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The MMWR is embargoed until Thursday, 12 PM EDT.
Synopsis for June 25, 2004
Voluntary HIV Testing as Part of Routine Medical Care — Massachusetts, 2002
Findings from a study released today show that routine, voluntary HIV
counseling, testing and referral (HIV CTR) programs can identify HIV-infected
patients and effectively link them to care.
“Think HIV,” an HIV CTR program implemented in four hospital
urgent care centers in Massachusetts, tested over 3,000 patients during
2002 and found 60 to be HIV-infected. Of the 60 positive patients, 49 returned
for their results and were referred for further prevention and care services.
Of the first 42 patients for whom linkage-to-care data were available,
all had at least one follow-up visit for HIV care. This 100 percent first
appointment show-rate is much higher than the 34 percent rate seen in another
urgent care routine testing program in Atlanta. Study authors note that
the success of “Think HIV” is due, in part, to on-site, designated
intake nurses from HIV outpatient clinics who ensured that newly identified
HIV-infected patients had immediate communication with a member of their
future health care team. Expanding voluntary, routine HIV testing is a
main component of CDC’s strategy to reduce new HIV infections in
the United States.
Cancer Survivorship — United States, 1971-2001
There are nearly 10 million cancer survivors in the United States and
that number is expected to increase as the population ages and cancer detection
and treatment improve.
The number of living persons who have ever received a diagnosis of cancer has risen steadily over the past three decades. It is estimated there are 9.8 million cancer survivors in the United States, representing approximately 3.5 percent of the population. Current figures indicate that for adults diagnosed with cancer today, 64 percent can expect to live at least five years. Between 1974 and 1976, only 50 percent of those diagnosed survived five or more years.
Increasingly, public attention and research are being focused on understanding
the physical, psychosocial, and economic impacts of surviving cancer. As
the United States population ages and as advances in cancer detection,
treatment, and care are integrated into clinical practice, the number of
cancer survivors is expected to increase. Two recent reports that address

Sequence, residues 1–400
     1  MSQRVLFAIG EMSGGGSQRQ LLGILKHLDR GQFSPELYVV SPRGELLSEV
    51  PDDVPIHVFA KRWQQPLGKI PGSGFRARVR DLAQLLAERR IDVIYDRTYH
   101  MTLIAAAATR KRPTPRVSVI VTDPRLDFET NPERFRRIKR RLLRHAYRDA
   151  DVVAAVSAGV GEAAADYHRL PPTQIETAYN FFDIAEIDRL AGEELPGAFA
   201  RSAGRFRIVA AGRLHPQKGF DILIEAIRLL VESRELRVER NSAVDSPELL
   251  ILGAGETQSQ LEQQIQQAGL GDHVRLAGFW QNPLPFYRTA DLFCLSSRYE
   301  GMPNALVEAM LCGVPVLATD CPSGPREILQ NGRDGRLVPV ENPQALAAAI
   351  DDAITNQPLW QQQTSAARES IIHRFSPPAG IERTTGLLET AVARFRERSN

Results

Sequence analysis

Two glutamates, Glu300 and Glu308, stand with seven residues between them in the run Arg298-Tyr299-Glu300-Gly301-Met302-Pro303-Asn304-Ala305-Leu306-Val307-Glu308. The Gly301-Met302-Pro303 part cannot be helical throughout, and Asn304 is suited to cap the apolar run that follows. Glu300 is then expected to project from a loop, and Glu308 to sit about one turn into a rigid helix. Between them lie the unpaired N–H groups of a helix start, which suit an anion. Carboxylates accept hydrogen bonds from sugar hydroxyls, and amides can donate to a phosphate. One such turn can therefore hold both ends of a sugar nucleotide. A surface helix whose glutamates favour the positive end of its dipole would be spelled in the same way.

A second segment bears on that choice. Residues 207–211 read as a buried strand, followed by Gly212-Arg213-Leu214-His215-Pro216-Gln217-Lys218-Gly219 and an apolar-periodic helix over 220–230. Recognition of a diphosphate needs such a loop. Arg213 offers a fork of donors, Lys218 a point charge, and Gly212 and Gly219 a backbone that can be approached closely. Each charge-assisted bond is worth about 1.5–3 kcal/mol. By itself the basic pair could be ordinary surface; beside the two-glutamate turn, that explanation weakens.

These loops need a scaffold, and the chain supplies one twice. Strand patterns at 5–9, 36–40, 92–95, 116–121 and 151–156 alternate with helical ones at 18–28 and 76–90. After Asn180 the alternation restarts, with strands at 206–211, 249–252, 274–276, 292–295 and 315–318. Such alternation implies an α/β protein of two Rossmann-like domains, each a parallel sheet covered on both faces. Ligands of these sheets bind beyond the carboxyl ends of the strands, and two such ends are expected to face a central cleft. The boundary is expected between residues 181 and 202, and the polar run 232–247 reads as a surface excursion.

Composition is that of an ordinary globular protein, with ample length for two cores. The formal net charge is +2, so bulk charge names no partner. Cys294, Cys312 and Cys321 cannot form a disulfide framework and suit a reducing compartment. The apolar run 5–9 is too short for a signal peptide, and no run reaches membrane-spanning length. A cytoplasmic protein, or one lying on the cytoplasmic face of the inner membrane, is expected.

the issues of greatest importance to this population have been released – A
National Action Plan for Cancer Survivorship and the President’s
Cancer Panel’s Living Beyond Cancer: Finding a New Balance.
Racial/Ethnic Trends in Fetal Mortality — United States, 1990-2000
Fetal deaths are part of a spectrum of adverse pregnancy outcomes and
should be recognized as an important public health problem. Improved fetal
death reporting, population-based surveillance, and research is needed
to prevent fetal deaths and reduce racial disparities.
This report examines recent trends in United States fetal mortality by
age, plurality, race, and ethnicity for 1990 and 2000. Findings indicate
there are nearly as many fetal deaths at 20 or greater weeks gestation
in the United States as there are infant deaths less than 1 year of age.
From 1990 to 2000, there was a 12 percent reduction in fetal mortality
rates due to reductions in late fetal mortality (>28 weeks gestation);
no improvement in early fetal mortality (20-27 weeks) was found. Despite
the reduction in overall fetal morality, non-Hispanic black mothers were
1.7 times more likely to experience fetal mortality in 1990 compared to
other racial/ethnic groups and this disparity persisted in 2000. In order
to reduce fetal deaths, prevention strategies must first recognize fetal
deaths as a public health problem, improve fetal death reporting, conduct
research, and identify women at risk.
Progress Toward Global Eradication of Poliomyelitis — January 2003-April 2004While substantial progress has been made in Asia and northern Africa, intense transmission in Nigeria jeopardizes the goal of polio eradication globally. To interrupt transmission, polio-endemic countries must intensify supplemental immunization activities (SIAs), countries affected by importations need to continue emergency response campaigns throughout 2004 and 2005, and emergency SIAs should be launched in 22 West and Central African countries.
The World Health Assembly resolved to eradicate poliomyelitis globally in 1988. Since then, implementation of eradication strategies reduced the number of polio-endemic countries from >125 to 6 in 2003. Global polio cases decreased from 1,918 in 2002 to 784 in 2003, and 185 through April 2004.
India reported 83 percent of all global polio cases in 2002 and in response intensified supplemental immunization activities (SIAs) in 2003. India, Egypt and Pakistan have recorded the lowest level of transmission during the second half of 2003 and are at record lows in 2004.
Nigeria has reported the largest number of cases in 2003 and 2004. Low SIA quality and suspension of SIAs in some States led to intense transmission in northern Nigeria, re-infection of previously polio-free areas within the country, and exportation of poliovirus to 9 previously polio-free countries.
West Nile Virus Activity — United States, June 16-22, 2004
No summary available.
This page last reviewed June 24, 2004
Disease Control and Prevention